KATHERINE ROSS: Sticking with healthcare here, is there any concern for you over the level of debt over at Elevance?

CHRIS VERSACE: So this is a great question. And when we think about debt, there's a couple of different ways. The first one is geez, what is that absolute number of debt? Because it can be kind of eye popping. But the more practical way to look at it is, how is the company able to service this debt? Is it able to? And what are its coverage ratios? For that we really want to look at what's called EBITDA, or earnings before interest, tax, depreciation, and amortization, over the interest expense, both on an annual basis.

And when we look at Elevance, those coverage ratios have ranged over the last few years, from very high single digits to more recently low double digits. That tells us that the business is pretty secure, pretty stable, and can service that debt with little problem.

KATHERINE ROSS: Yesterday, Chris, Microsoft did briefly pass and hold near that $269.25 price target. Some members are wondering, what's next for the stock?

CHRIS VERSACE: Yeah, so it's fair question. It's at that price target. It is a three-rated stock, which is in a holding pattern. Remember, there's a couple of puts and takes here with what's going on with Microsoft stock. We continue to see the expectation for weakness in its hardware businesses. Cloud looks to be slowing a little bit. So that's kind of supporting our more cautious outlook. In the near term, the driver by what we saw in the recent rebound in the stock price really pertains to ChatGPT and what that might mean for market share for its Bing search engine against Google, as well as the integration in some other products.

And I certainly appreciate what Microsoft's trying to do here, shore up their competitive position. The real question is, is it going to make a difference in its market share, again, for Bing? They're not releasing the product until next week. We'll have to see what the adoption is. But based on that, we will look to revisit our price target and perhaps our rating.

KATHERINE ROSS: After last week's disappointing earnings, we also have members taking a look at Amazon and wondering what your long term thinking is here?

CHRIS VERSACE: So if we were to focus solely on any one particular quarter with Amazon, it's proven more often than not to be a little bit of a mistake. We know that there are a lot of secular trends behind its business, consumers leaning into digital shopping, no question about it, both here and abroad, the continued growth in cloud, albeit in the near term a little slower.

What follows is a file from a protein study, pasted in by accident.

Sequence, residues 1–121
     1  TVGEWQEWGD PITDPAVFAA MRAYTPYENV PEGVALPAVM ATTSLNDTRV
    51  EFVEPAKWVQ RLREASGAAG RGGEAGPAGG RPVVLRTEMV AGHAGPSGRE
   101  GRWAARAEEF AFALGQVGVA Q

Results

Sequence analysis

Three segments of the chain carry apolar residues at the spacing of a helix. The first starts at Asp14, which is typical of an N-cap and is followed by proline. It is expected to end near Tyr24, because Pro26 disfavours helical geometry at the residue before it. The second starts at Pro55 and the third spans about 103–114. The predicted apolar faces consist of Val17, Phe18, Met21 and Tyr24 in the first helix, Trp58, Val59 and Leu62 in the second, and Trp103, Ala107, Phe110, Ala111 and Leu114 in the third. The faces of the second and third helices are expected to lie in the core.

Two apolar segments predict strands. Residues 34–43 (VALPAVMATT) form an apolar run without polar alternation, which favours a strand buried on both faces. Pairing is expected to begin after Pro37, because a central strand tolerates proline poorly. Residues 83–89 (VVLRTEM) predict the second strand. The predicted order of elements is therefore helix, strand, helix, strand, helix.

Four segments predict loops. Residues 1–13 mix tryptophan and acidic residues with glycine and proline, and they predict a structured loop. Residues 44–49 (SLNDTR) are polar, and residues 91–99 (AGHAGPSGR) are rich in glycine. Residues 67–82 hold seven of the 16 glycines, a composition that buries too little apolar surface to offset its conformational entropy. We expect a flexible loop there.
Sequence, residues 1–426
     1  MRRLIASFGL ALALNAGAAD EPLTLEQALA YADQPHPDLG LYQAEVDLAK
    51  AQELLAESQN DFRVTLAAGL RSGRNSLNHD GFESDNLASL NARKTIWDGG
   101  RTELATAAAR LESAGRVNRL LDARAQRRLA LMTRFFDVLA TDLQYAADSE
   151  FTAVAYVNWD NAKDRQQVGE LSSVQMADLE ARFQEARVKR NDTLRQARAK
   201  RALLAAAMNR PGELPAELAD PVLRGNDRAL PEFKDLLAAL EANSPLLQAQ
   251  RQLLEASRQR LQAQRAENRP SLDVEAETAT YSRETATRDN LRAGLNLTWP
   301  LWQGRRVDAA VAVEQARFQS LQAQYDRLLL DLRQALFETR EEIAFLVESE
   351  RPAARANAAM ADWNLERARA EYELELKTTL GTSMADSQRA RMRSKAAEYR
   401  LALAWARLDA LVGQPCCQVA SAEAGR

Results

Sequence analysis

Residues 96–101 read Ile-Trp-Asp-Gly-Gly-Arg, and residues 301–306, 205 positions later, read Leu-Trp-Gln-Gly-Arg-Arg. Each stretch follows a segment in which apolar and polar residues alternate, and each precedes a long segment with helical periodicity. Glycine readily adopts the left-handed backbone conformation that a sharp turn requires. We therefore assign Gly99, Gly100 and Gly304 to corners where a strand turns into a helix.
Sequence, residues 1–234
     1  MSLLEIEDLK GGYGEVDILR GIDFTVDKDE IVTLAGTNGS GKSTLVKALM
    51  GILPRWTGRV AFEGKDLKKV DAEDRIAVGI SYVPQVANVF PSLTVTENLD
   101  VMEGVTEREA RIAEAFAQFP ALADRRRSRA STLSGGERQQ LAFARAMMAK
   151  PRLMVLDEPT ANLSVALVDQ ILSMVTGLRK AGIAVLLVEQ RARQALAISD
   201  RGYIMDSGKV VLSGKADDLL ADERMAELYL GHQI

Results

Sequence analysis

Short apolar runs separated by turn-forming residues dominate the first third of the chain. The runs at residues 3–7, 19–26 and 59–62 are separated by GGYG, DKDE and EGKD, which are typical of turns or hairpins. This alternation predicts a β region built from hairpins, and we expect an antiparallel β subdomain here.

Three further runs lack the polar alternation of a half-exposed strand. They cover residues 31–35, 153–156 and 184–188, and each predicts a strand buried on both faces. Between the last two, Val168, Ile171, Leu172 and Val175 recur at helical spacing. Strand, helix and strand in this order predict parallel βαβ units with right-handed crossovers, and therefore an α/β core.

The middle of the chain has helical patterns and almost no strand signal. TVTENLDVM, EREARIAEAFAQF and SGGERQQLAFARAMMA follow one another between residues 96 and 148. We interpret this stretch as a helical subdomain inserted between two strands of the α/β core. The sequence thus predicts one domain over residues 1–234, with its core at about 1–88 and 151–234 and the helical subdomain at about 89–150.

But it's some of these other businesses that they're developing, particularly in healthcare that really has us interested in sticking with the shares. When you step back and you think about what Amazon does probably better than anybody, in my opinion, it is removing transactional friction. We know that there's a lot of pain with that in the healthcare system. And they started to do some interesting things on prescriptions, bundling it into Prime. If they can really make a go of that, that could be a game changer for the way we think about Amazon.

We're inclined to be patient, see how that unfolds.

KATHERINE ROSS: And finally, Chris, let's check in on the clubs oil play. Is XLE a buy around $85 in the current environment?

CHRIS VERSACE: I think it is. We've been really kind of looking forward about the reopening for China. We're continuing to hear positive comments about that, even PepsiCo who was out this morning saying yes, we are seeing people move about more freely, starting to spend. I do think the expectations for China's reopening got a little bit ahead of themselves. And it looks like we've got a more rational view on that.

So we'll see continued progression in the coming months and really hitting, I think, a more accelerated pace as we enter the back half of the year. So as that happens, we're going to continue to see demand rise for the energy complex. That keeps us long term bullish on XLE. And yeah, I do think if it dips much below $85, we would look to kind of wade back into that position.

KATHERINE ROSS: Well, Chris, thank you for joining us today. That will do it for today. Members, please keep sending your questions into aapclub@thestreet.com. And I'll be back tomorrow for a deep dive into the technical landscape with AAP team member, Helene Miseler. Have a great day.